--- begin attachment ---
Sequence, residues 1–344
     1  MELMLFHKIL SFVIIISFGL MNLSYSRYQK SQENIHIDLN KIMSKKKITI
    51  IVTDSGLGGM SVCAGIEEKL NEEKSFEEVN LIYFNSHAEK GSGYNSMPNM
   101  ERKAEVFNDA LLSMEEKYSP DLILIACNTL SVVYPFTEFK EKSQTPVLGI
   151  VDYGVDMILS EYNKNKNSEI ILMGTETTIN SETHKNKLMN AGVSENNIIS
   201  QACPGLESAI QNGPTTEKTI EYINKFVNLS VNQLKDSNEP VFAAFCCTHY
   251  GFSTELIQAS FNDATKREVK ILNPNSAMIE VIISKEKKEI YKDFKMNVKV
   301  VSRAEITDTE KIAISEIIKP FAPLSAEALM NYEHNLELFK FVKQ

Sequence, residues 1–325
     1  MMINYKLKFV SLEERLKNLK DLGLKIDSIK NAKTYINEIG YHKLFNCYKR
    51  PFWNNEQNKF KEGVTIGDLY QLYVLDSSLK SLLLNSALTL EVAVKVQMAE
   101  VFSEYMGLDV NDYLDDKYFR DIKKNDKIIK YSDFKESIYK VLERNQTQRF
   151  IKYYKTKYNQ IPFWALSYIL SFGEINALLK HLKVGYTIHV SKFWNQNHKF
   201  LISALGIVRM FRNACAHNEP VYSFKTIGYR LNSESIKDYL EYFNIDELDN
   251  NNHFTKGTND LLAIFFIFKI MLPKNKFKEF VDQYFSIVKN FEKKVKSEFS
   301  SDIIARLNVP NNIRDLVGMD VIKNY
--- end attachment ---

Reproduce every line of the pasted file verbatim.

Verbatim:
Sequence, residues 1–344
     1  MELMLFHKIL SFVIIISFGL MNLSYSRYQK SQENIHIDLN KIMSKKKITI
    51  IVTDSGLGGM SVCAGIEEKL NEEKSFEEVN LIYFNSHAEK GSGYNSMPNM
   101  ERKAEVFNDA LLSMEEKYSP DLILIACNTL SVVYPFTEFK EKSQTPVLGI
   151  VDYGVDMILS EYNKNKNSEI ILMGTETTIN SETHKNKLMN AGVSENNIIS
   201  QACPGLESAI QNGPTTEKTI EYINKFVNLS VNQLKDSNEP VFAAFCCTHY
   251  GFSTELIQAS FNDATKREVK ILNPNSAMIE VIISKEKKEI YKDFKMNVKV
   301  VSRAEITDTE KIAISEIIKP FAPLSAEALM NYEHNLELFK FVKQ

Sequence, residues 1–325
     1  MMINYKLKFV SLEERLKNLK DLGLKIDSIK NAKTYINEIG YHKLFNCYKR
    51  PFWNNEQNKF KEGVTIGDLY QLYVLDSSLK SLLLNSALTL EVAVKVQMAE
   101  VFSEYMGLDV NDYLDDKYFR DIKKNDKIIK YSDFKESIYK VLERNQTQRF
   151  IKYYKTKYNQ IPFWALSYIL SFGEINALLK HLKVGYTIHV SKFWNQNHKF
   201  LISALGIVRM FRNACAHNEP VYSFKTIGYR LNSESIKDYL EYFNIDELDN
   251  NNHFTKGTND LLAIFFIFKI MLPKNKFKEF VDQYFSIVKN FEKKVKSEFS
   301  SDIIARLNVP NNIRDLVGMD VIKNY